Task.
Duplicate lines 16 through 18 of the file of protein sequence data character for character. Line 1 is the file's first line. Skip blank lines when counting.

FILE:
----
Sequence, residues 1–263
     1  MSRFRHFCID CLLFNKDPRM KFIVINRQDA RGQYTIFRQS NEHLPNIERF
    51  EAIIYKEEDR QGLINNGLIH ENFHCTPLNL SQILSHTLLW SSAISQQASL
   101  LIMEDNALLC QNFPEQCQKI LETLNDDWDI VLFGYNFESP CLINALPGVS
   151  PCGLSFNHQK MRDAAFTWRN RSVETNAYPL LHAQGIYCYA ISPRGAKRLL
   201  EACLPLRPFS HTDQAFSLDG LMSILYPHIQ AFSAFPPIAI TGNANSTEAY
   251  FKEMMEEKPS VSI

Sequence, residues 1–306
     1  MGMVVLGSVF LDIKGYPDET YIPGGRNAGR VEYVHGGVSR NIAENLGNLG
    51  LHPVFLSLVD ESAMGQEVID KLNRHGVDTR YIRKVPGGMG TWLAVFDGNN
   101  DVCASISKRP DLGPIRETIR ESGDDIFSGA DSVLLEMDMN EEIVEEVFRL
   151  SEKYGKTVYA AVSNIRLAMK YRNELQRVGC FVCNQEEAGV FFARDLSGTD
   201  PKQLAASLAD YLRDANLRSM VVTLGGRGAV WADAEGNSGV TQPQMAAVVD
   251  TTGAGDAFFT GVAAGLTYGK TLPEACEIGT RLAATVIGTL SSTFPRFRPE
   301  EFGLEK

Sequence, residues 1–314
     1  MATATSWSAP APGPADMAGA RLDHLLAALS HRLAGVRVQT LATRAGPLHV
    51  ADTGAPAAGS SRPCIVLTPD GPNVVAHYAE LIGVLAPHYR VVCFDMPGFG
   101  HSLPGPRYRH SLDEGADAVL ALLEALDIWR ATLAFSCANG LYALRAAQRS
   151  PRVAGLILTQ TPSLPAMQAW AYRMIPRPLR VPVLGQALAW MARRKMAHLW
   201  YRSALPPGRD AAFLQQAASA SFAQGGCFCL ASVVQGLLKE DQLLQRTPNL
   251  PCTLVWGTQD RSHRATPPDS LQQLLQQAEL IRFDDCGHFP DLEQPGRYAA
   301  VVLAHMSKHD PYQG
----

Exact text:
Sequence, residues 1–314
     1  MATATSWSAP APGPADMAGA RLDHLLAALS HRLAGVRVQT LATRAGPLHV
    51  ADTGAPAAGS SRPCIVLTPD GPNVVAHYAE LIGVLAPHYR VVCFDMPGFG